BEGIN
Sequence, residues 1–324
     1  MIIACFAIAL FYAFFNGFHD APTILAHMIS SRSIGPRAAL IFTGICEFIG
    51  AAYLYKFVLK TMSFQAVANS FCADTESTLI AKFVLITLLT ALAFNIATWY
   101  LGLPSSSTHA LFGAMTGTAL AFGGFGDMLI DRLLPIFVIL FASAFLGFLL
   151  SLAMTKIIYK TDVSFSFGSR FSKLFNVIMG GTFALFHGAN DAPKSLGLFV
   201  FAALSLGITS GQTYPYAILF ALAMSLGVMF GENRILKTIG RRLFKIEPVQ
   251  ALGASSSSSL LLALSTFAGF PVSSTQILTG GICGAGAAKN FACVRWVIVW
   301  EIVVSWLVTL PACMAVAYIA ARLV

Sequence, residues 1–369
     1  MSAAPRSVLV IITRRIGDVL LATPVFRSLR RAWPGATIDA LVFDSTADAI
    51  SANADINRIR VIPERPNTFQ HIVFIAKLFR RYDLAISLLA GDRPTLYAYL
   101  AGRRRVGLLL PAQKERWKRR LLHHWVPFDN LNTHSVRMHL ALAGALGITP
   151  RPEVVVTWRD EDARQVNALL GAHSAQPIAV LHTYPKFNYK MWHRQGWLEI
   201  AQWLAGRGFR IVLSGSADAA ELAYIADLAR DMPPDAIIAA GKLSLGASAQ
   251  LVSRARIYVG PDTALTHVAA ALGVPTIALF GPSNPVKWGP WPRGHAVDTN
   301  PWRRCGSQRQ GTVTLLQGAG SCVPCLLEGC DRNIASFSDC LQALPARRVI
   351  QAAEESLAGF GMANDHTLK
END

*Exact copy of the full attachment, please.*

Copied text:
Sequence, residues 1–324
     1  MIIACFAIAL FYAFFNGFHD APTILAHMIS SRSIGPRAAL IFTGICEFIG
    51  AAYLYKFVLK TMSFQAVANS FCADTESTLI AKFVLITLLT ALAFNIATWY
   101  LGLPSSSTHA LFGAMTGTAL AFGGFGDMLI DRLLPIFVIL FASAFLGFLL
   151  SLAMTKIIYK TDVSFSFGSR FSKLFNVIMG GTFALFHGAN DAPKSLGLFV
   201  FAALSLGITS GQTYPYAILF ALAMSLGVMF GENRILKTIG RRLFKIEPVQ
   251  ALGASSSSSL LLALSTFAGF PVSSTQILTG GICGAGAAKN FACVRWVIVW
   301  EIVVSWLVTL PACMAVAYIA ARLV

Sequence, residues 1–369
     1  MSAAPRSVLV IITRRIGDVL LATPVFRSLR RAWPGATIDA LVFDSTADAI
    51  SANADINRIR VIPERPNTFQ HIVFIAKLFR RYDLAISLLA GDRPTLYAYL
   101  AGRRRVGLLL PAQKERWKRR LLHHWVPFDN LNTHSVRMHL ALAGALGITP
   151  RPEVVVTWRD EDARQVNALL GAHSAQPIAV LHTYPKFNYK MWHRQGWLEI
   201  AQWLAGRGFR IVLSGSADAA ELAYIADLAR DMPPDAIIAA GKLSLGASAQ
   251  LVSRARIYVG PDTALTHVAA ALGVPTIALF GPSNPVKWGP WPRGHAVDTN
   301  PWRRCGSQRQ GTVTLLQGAG SCVPCLLEGC DRNIASFSDC LQALPARRVI
   351  QAAEESLAGF GMANDHTLK